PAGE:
The Salamander Room is told through the imagination of a young boy who desperately longs to bring an amphibian friend home with him. Beginning in the woods, the story starts when a small, orange salamander is discovered underneath leaf litter. The boy, whose imagination drives the story’s development, believes the salamander finds his hand cozy and perhaps even preferable to its natural habitat – and from this assumption ensues an explanation of the many creative measures that could be taken in order to make the salamander feel at home in his bedroom. The boy first imagines that the salamander can live happily right in the drawer of his bedside table, but prompting from an adult allows him to think through all of the salamander’s many needs, and the unintended consequences that meeting these needs might have. For example, insects will need to be introduced into his bedroom so that the salamander has a food source – but what will happen when the insects breed and overpopulate? Well, of course, the roof of his bedroom will be taken off so that birds can fly in to keep the insect population in check!
The Salamander Room bridges the gap between fiction and nonfiction, using imaginative storytelling to teach readers about habitat and the interconnectedness of nature. Resources included in our accompanying guide support the use of the text as a tool for reading and comprehension skills, as well as a catalyst for science-based learning. Get a copy of the book from your local library – salamander season has just begun!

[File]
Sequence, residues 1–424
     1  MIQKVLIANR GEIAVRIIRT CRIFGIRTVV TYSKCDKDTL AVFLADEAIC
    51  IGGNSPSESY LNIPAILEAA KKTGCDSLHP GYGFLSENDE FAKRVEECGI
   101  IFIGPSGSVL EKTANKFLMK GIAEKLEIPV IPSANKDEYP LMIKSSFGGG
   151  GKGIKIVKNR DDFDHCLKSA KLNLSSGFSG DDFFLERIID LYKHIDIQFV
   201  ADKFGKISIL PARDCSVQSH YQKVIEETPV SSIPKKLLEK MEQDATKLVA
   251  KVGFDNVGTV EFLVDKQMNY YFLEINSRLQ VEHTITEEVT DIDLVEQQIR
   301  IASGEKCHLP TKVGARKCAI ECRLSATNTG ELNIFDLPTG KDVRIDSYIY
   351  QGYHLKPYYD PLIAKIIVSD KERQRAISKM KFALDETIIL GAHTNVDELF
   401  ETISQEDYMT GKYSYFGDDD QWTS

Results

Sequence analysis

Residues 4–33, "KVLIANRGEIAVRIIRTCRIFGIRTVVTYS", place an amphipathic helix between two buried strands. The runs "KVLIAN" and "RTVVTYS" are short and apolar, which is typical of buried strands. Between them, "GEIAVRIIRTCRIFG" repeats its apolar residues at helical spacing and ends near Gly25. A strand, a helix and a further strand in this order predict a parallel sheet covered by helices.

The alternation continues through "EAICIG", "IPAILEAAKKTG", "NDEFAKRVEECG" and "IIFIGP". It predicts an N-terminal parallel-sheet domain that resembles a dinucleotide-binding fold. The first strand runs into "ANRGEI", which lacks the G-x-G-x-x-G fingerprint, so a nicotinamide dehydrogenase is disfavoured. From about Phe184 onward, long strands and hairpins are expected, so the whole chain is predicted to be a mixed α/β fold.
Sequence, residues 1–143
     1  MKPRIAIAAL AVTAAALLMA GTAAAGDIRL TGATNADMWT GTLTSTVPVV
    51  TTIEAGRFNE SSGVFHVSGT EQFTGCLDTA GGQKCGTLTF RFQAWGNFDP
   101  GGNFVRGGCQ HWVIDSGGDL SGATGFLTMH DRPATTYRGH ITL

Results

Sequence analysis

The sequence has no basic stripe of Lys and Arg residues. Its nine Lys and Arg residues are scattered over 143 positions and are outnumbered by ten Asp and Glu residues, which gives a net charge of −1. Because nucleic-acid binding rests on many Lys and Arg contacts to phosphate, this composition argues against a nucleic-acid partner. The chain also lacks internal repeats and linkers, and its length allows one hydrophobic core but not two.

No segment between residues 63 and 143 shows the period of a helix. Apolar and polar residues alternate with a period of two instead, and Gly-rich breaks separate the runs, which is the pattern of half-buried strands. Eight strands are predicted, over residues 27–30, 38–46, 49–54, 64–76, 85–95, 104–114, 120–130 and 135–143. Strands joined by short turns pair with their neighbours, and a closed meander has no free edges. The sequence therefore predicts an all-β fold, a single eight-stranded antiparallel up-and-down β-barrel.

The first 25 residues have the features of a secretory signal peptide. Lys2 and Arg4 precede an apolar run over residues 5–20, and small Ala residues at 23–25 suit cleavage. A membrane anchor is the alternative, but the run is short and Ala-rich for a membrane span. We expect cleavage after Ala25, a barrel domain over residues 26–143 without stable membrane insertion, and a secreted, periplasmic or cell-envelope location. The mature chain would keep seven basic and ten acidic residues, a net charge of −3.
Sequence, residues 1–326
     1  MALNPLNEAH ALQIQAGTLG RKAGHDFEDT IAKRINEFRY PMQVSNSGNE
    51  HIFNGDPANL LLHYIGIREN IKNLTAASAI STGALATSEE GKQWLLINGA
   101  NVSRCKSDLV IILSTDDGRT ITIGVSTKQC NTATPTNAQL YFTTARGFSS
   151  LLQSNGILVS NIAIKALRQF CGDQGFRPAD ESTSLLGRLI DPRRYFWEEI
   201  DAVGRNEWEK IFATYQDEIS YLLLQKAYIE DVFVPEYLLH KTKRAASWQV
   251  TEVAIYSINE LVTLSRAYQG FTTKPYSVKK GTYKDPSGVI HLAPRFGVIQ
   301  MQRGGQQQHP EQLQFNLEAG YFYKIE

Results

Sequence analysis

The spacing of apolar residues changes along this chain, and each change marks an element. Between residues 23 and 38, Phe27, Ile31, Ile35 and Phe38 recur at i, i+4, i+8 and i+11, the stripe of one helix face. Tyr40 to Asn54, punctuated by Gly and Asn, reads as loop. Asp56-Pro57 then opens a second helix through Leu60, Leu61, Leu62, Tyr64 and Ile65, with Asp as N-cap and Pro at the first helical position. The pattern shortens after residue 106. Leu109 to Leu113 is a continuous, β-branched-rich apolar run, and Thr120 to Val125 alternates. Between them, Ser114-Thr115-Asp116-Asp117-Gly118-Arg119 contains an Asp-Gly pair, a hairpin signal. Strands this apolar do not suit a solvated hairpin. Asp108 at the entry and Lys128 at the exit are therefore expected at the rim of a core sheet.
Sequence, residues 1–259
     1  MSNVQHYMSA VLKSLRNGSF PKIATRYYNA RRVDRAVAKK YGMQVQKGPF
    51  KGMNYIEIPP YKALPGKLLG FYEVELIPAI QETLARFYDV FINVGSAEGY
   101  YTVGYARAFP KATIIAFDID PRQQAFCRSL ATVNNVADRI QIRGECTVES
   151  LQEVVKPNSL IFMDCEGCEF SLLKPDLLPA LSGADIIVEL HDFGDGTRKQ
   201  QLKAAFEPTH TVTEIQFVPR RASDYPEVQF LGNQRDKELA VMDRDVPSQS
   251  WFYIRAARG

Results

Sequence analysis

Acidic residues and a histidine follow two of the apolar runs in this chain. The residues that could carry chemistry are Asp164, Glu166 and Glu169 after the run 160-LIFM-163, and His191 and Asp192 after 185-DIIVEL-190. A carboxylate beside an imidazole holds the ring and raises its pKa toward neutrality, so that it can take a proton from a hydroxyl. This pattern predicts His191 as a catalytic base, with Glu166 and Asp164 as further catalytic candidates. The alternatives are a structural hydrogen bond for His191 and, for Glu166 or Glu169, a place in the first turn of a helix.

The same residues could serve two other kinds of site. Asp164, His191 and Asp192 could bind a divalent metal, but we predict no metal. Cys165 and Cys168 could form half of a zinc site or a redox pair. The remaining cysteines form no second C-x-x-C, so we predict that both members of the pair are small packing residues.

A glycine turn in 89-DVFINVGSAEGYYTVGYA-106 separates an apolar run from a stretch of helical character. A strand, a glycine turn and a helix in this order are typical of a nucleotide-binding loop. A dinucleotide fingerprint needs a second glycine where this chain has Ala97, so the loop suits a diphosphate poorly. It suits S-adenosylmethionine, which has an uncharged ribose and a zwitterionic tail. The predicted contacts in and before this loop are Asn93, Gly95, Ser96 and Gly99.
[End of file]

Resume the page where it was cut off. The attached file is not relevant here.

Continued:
Don’t miss out on the accompanying Critical Thinking Questions & Community-Based Learning Map, created by Robin Huntley, M.Ed., Founder and Director of Dirigo Learning, a Community-Based Education Network™ affiliate for Midcoast and Central Maine. This learning guide is filled with Resources for Self-Directed Learning about Salamanders and Their Habitats, including audio/visual materials on vernal pools, a project that will help your learner link art and science through a “literrarium,” and a web-based guide to help you identify local salamander species. Download the Learning Map here – and get out there to have some salamander fun!
A lovely narrative of life on a Vermont farm during sugaring season, Jessie Haas’ Sugaring also serves as a resource for learning the process of making maple syrup – from tree to table! Utilize the story and its accompanying community-based education guide as a catalyst for literature-based studies of maple syrup and the centuries-old tradition of sugaring.